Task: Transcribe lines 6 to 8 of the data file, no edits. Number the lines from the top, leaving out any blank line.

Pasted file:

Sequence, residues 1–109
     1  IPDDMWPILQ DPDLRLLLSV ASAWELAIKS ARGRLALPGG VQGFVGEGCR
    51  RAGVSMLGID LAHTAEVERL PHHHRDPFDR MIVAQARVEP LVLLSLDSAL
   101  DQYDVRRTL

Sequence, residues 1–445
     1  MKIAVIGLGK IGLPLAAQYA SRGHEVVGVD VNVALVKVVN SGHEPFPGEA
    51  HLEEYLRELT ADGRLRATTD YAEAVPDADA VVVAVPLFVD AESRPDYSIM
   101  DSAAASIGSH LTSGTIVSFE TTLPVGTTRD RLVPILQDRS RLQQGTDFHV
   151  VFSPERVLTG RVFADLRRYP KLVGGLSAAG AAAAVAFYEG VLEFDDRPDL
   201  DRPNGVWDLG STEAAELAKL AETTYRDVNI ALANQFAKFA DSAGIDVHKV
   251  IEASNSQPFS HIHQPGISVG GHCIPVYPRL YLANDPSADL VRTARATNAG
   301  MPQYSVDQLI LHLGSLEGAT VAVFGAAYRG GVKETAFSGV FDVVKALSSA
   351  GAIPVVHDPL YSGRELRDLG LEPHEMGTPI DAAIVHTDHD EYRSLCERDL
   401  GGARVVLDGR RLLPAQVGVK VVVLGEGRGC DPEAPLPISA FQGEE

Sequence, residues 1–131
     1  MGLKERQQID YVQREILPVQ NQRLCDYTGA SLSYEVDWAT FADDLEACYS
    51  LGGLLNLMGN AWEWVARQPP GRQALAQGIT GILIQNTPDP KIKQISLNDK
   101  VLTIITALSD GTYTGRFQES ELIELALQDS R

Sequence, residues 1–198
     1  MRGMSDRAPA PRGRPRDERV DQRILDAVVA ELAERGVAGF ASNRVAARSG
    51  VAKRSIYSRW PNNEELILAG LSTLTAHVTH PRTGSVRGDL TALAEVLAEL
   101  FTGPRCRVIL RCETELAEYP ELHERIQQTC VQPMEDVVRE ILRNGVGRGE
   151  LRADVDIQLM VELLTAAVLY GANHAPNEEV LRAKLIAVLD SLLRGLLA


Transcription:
     1  MKIAVIGLGK IGLPLAAQYA SRGHEVVGVD VNVALVKVVN SGHEPFPGEA
    51  HLEEYLRELT ADGRLRATTD YAEAVPDADA VVVAVPLFVD AESRPDYSIM
   101  DSAAASIGSH LTSGTIVSFE TTLPVGTTRD RLVPILQDRS RLQQGTDFHV